There’s no other way of putting it: health is in. Never before has the definition of beauty been as closely linked to a healthy lifestyle as it is today. We are snugly wrapped in a blanket trend of wellbeing: healthy diets, spiritually enhanced sports disciplines, health trips to far flung places, the best (alternative) medical care, and, yes, also fashion. Nobody has to accept deformed toes as a given, just to fulfil a contrived ideal of beauty by wearing high heels, nor does anyone have to starve themselves anymore, now that model measurements are being adjusted to those of ‘real’ women. Within this context, the growing popularity of yoga clothing, the desire for more natural looks and organic quality all play a significant role. Sustainability is a magic word, albeit an increasingly inflationary and misleading one.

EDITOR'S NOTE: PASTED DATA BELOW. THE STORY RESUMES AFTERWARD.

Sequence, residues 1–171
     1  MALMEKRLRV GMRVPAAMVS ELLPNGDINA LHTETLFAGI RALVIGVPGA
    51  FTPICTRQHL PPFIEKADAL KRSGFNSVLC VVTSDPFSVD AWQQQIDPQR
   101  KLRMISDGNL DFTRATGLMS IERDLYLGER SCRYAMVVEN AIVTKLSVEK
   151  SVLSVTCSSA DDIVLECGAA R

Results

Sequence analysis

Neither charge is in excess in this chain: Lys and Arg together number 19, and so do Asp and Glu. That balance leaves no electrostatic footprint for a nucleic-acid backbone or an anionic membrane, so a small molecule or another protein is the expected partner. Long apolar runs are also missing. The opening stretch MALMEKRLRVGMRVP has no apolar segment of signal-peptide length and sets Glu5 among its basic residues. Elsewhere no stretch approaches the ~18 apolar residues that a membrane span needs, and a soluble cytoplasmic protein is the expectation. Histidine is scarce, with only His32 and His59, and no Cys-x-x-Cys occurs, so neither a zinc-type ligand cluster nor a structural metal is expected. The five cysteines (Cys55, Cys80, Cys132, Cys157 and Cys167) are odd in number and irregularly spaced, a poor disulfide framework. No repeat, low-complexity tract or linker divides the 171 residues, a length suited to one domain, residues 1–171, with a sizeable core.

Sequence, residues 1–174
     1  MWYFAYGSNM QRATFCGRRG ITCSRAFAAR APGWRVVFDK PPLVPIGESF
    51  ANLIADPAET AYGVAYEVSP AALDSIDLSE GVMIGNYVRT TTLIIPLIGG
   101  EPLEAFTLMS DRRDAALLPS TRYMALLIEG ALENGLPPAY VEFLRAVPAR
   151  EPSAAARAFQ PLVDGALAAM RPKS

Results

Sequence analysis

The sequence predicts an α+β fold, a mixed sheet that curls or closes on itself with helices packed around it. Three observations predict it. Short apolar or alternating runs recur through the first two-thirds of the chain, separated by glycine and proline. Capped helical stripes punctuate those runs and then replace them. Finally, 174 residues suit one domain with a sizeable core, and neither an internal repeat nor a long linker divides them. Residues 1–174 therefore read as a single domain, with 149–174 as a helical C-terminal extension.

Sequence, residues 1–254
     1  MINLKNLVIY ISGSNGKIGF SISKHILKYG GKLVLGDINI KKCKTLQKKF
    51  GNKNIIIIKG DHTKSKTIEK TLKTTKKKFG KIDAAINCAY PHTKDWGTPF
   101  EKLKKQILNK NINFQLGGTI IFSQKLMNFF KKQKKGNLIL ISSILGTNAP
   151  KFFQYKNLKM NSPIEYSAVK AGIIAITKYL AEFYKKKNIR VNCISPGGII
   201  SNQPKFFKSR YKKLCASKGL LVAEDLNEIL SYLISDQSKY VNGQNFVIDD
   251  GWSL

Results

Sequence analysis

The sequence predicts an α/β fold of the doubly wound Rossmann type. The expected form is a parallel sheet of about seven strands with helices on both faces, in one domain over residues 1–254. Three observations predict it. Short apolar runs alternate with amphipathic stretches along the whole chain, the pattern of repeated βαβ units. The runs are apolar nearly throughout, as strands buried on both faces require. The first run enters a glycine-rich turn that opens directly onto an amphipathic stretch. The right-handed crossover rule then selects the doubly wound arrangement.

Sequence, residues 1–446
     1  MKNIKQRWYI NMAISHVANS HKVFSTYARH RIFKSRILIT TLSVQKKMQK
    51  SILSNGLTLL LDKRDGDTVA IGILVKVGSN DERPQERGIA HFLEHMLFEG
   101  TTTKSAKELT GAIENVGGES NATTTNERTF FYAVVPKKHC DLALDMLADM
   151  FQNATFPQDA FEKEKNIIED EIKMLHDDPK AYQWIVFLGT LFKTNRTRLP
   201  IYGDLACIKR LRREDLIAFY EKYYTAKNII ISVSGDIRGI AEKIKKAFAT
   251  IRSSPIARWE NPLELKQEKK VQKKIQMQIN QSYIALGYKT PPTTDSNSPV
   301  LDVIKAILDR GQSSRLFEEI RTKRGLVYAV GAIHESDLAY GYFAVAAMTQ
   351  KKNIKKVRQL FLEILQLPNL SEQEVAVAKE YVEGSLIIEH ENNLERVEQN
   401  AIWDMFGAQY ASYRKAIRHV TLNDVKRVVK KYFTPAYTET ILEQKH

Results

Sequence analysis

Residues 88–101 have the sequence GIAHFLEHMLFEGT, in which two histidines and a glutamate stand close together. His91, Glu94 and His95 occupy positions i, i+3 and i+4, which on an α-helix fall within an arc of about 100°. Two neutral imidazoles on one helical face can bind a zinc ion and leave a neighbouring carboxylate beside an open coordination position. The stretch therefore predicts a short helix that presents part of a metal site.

How else can it be explained that, despite all the apparent concern for health, a mere one percent of clothing produced worldwide is truly harmless? Or that the remaining 99 percent is soaked in chemicals, poisoning our natural resources and often manufactured under inhumane or dangerous working conditions? When your yoga top causes a rash on your skin or your new running shoes make you gasp for breath with their toxic smell as you take them out of the box: are we just fooling ourselves with our ‘healthy spirit in a healthy body’ mantra? Is the relationship between fashion and health really so schizophrenic? Or why else do we so often forget that being just a little bit healthy is the same as being a little bit ill – no matter how good we look.
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This text arose in order of the J’N`C magazine and has been published in the issue 1/12.
Image: Ariane Irle